To clearly describe power transmission facilities, it is necessary to draw a distinction between transmission and distribution, both of which refer to the transport of electricity. Distribution refers to supplying power to retail customers.
Distribution lines normally run from substations through a distribution line network. The key distinction between distribution and transmission arises from the issue of resistive power loss and the fact that the power loss can be reduced by increasing the operating voltage of a line.
Accordingly, one would expect to find high operating voltages to be a characteristic of transmission lines. Actually, transmission line voltage is normally 115,000 volts (115 kilovolts [kV]) or higher. In contrast, primary distribution lines generally reach distances of no more than a few miles, although in rural areas they may extend more than 50 miles. These lines generally range from 2.4 to 25 kV with occasional installations up to 46 kV.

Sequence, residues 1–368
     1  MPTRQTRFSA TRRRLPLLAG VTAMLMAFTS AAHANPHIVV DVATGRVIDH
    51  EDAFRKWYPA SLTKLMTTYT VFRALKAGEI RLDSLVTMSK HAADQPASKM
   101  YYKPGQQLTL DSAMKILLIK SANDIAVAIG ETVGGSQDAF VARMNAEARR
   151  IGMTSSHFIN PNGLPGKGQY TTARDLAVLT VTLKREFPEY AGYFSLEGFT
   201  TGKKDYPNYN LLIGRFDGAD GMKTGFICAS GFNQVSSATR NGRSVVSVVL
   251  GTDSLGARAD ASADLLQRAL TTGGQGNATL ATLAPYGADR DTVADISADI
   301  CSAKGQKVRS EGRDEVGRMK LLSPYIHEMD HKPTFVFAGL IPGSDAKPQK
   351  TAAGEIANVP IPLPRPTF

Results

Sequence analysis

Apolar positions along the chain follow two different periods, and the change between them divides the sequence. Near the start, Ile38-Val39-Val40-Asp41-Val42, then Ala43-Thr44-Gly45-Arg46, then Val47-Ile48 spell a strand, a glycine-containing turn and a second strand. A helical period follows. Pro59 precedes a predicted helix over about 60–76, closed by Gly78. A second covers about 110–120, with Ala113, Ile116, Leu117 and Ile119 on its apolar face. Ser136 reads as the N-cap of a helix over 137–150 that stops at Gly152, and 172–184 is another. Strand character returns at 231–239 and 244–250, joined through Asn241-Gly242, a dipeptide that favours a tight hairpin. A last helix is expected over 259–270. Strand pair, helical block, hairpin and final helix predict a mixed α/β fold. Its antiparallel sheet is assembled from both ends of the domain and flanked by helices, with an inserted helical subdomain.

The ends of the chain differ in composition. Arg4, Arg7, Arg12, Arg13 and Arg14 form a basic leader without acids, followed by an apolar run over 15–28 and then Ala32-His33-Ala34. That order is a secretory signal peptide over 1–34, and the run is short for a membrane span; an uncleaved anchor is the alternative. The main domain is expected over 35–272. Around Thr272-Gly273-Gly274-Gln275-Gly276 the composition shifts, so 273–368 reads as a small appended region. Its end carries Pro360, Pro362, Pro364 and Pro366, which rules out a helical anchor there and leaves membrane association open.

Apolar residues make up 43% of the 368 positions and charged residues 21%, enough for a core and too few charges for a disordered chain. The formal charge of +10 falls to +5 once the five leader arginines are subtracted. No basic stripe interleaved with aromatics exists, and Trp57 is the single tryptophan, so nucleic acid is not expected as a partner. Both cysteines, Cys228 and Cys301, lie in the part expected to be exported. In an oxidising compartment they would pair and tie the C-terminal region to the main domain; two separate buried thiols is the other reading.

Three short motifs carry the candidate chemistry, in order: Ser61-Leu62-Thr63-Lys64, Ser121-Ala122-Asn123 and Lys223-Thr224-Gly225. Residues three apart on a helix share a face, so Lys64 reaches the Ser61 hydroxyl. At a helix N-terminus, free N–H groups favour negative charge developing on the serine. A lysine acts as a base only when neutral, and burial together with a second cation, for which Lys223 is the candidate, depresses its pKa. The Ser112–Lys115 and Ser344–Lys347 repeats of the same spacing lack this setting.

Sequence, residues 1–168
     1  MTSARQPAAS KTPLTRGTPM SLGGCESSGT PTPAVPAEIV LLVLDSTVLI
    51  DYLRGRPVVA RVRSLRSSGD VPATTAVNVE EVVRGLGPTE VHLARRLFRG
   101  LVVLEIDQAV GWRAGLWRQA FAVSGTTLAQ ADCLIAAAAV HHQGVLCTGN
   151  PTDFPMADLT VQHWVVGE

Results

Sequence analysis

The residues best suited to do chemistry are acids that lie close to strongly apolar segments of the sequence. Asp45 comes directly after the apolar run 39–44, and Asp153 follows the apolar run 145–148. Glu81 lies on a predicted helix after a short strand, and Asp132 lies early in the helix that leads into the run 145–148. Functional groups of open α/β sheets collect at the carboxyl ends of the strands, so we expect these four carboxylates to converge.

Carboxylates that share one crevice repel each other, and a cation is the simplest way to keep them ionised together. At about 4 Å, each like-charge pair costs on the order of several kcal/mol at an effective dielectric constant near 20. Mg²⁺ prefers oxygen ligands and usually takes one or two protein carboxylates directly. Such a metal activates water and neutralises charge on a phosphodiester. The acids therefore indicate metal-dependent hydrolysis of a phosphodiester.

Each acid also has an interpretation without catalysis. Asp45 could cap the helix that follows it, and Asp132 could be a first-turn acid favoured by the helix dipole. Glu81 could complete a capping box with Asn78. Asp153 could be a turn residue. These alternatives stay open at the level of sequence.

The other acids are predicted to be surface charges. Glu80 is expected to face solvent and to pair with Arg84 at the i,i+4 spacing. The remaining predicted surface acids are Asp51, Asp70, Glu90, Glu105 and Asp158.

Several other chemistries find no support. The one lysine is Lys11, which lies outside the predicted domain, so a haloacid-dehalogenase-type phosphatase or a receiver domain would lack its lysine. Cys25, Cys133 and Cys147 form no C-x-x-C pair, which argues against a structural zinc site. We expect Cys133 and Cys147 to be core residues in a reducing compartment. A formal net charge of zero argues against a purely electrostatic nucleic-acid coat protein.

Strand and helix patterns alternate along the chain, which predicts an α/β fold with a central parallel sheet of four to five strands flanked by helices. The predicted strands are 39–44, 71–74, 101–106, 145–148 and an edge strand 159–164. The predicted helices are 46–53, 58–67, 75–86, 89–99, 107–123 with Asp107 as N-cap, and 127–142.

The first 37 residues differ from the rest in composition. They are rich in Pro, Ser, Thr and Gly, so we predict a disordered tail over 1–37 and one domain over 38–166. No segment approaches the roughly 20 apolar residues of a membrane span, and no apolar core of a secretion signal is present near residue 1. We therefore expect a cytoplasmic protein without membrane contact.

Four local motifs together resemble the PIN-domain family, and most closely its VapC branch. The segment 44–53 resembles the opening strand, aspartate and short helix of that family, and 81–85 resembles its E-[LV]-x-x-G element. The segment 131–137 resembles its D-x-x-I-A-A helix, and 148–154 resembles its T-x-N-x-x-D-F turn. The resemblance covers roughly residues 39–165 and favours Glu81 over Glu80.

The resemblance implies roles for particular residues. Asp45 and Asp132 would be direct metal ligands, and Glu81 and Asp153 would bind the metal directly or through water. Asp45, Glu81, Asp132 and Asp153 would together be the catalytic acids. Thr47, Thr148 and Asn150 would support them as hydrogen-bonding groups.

In some cases, customers are served directly at these high voltages, but most customers receive power by means of secondary distribution lines that branch off the primary lines at voltages of 120 V or 240 V. These low-voltage lines generally traverse only a few hundred yards.
|Title:||The design, construction and operation of long-distance high voltage electricity transmission technologies – Environmental Science Division // Argonne National Laboratory|
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